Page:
The technique is now routinely used to look for the minute traces of gold and other metals present in trees and plant samples at concentrations — even for vegetation growing over mineralized areas — often no higher than a few parts billion.

Industry takes notice

In 2018, Canadian senior companies spent $1.3 billion on mineral exploration, up 19% from the previous year, according to Natural Resources Canada. Around one-third of this expenditure was on deposit appraisal.

Market conditions and commodity prices are key factors that dictate how much companies spend on mineral exploration. However, long-term projections indicate that the cost of finding new deposits will increase.

“A biogeochemical survey of a prospective deposit is a fraction of the cost compared with conventional surveying,” says Brady Clift, a geologist and minerals manager at Geoscience B.C. “And there’s no better place to look than around existing deposits.”

Geoscience BC tree-top sampling. Credit: Geoscience BC.

Geoscience BC tree-top sampling. Credit: Geoscience BC.

Geoscience BC, a not-for-profit organization based in Vancouver, funds independent research that, among other goals, aims to provide a “clearer understanding of the geology, mineral potential, and geothermal reserves buried in central B.C.”

The $4 million Targeting Resources for Exploration and Knowledge (TREK) project, launched in 2013 by Geoscience BC, aims to assist in the identification of undiscovered deposits around the Blackwater deposit in B.C.’s Northern Interior Plateau. The deposit, discovered in 2012 by New Gold (TSX: NGD; NYSE-AM: NGD), was found to contain mineral reserves of 8.2 million oz. gold and 61 million oz. silver.

Funded by Geoscience BC, Dunn provided advice on a tree-top sampling program over the plateau in 2015 conducted by Wayne Jackaman. Characterized by a thick layer of glacial sediments and lava flows, the area has potential untapped mineral wealth and geothermal resources buried below.

A subsequent project on the same tree-top samples “builds on research that showed possible links between the level of halogens — fluorine, chlorine, bromine, iodine — in spruce needles and the underlying mineralization,” explains Dunn.

Halogens are commonly instrumental in the emplacement of metal deposits and sometimes generate broader haloes of enrichment than the metals themselves.

“All four halogens are particularly enriched in differentiated magmas, and the hydrothermal fluids and volatile compounds derived from them play an important role in the mobilization and transport of metals in ore-forming systems,” says Dunn.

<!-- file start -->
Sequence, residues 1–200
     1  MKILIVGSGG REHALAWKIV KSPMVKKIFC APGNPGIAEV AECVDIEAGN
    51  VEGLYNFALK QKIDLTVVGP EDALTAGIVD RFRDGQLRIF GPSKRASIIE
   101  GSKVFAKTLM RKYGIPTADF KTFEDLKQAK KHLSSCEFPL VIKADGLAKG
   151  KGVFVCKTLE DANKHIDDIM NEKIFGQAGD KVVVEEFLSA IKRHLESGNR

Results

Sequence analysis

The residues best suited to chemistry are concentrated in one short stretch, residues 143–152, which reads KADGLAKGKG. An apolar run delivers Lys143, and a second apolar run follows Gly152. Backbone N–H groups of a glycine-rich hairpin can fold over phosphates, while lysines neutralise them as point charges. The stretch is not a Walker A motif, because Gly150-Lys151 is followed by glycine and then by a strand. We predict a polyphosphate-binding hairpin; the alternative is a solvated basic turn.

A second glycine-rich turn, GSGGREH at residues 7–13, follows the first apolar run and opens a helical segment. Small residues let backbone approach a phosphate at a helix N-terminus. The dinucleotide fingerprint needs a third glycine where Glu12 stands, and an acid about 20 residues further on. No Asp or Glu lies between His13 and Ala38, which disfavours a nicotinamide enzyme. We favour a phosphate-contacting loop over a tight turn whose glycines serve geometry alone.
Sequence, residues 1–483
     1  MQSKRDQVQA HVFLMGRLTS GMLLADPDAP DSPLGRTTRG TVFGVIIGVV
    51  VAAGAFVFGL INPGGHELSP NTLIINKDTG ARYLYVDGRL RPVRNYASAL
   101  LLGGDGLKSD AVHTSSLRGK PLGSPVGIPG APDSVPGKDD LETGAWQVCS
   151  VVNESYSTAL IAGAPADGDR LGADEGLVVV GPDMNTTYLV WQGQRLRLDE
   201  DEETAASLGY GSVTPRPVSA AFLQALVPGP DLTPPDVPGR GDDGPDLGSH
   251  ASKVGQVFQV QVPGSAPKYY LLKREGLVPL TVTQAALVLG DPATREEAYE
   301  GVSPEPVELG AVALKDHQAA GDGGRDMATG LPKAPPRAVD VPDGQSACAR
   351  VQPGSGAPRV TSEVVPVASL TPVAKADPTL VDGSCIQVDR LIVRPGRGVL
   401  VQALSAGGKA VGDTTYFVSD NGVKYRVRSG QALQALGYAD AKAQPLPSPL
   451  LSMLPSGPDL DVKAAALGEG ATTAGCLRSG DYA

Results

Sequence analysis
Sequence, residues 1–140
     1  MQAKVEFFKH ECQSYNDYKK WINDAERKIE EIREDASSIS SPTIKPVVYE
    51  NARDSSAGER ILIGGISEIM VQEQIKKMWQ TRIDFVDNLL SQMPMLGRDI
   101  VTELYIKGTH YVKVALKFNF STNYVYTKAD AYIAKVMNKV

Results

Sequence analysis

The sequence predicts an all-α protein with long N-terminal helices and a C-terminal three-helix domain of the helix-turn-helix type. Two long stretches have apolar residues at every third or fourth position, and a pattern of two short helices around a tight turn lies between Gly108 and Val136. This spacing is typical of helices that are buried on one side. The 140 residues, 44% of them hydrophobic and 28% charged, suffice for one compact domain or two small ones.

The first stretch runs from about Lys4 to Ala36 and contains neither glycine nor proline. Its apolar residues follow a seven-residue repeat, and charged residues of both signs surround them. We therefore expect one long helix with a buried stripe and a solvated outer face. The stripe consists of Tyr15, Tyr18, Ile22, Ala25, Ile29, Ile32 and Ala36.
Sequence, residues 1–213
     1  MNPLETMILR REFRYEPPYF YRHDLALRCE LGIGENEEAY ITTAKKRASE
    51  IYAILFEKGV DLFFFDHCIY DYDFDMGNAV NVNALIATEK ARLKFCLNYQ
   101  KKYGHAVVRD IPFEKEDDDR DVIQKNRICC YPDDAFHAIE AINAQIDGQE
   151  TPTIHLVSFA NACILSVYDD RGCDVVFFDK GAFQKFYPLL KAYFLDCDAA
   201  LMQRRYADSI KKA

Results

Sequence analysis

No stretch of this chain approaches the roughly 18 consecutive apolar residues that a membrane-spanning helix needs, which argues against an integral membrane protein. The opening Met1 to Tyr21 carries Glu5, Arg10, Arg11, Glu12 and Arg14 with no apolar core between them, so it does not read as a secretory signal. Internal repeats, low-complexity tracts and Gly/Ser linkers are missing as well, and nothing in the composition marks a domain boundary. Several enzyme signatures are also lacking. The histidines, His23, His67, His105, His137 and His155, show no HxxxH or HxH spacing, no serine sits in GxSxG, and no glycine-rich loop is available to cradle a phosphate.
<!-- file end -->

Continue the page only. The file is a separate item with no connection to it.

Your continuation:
Weathering at the earth’s surface causes the host minerals to breakdown either mechanically or chemically and release halogens into the environment. As they are highly soluble in water, they can be taken-up by trees and other plants growing in the area.

The halogen project, conducted by Dunn and another consultant geologist, Dave Heberlein, could provide mineral exploration companies with additional geochemical data to help identify zones of metal enrichment from deep-seated or covered mineralization.

Geoscience BC tree-top sampling. Credit: Geoscience BC.

“What’s really interesting is that they’ve surveyed an area where the bedrock is covered by a thick layer of vegetation,” explains Clift, “so they are trying to ‘see’ through this cover to the underlying rocks where we’d expect to find mineral deposits. The work could provide proof-of-concept for the technique, reducing the risk for companies wishing to use it.”

Although the technique is relatively untested, PJX Resources (TSXV: PJX), an innovative mineral exploration company with properties in the area of Cranbrook and Kimberley, B.C., has embraced the work.

While attending the Minerals South 2019 conference in Cranbrook last November, John Keating, chief executive officer, president and a director at PJX Resources, listened with increasing interest to Dunn as he presented his work to the audience.

“I was fascinated to hear about Colin’s work with halogens, and so, with his guidance, the next month we started a tree sampling program around an area of known surface and buried mineralization,” says Keating.

Keating and his team collected branches from Douglas fir trees within a 1 sq. km grid at the company’s Vine property.

The tree samples are now being tested at the laboratory for over 50 elements and four halogens. The results from the multi-element analysis will then be analyzed for correlations between the halogens and the other elements to see if these correlate with the surface mineralization zone.”

“We should have the results of the analyses within a month or so,” says Keating. “And if the method works, we will use it to look for other zones of mineralization heading west across the property.”

As the demand for metals increases, and the search for new mineral deposits becomes ever more challenging and costly, biogeochemical prospecting could prove to be a valuable addition to the prospector’s toolbox.


1 Comment on "Reading the tree leaves"

  1. Stewart A Jackson | February 19, 2020 at 6:47 pm | Reply

    Professor Harry Warren of University of British Columbia conducted pioneer work on plant biogeochemistry in the 1960’s.
    This technique has evolved exponentially since then and is now a STANDARD exploration technique for much of the world.
    Kudos to the current discoveries based on this technique , but please let us not present it as the new magic formula .

    Keep up the good work, and keep the discoveries going through deep soil and overburden cover.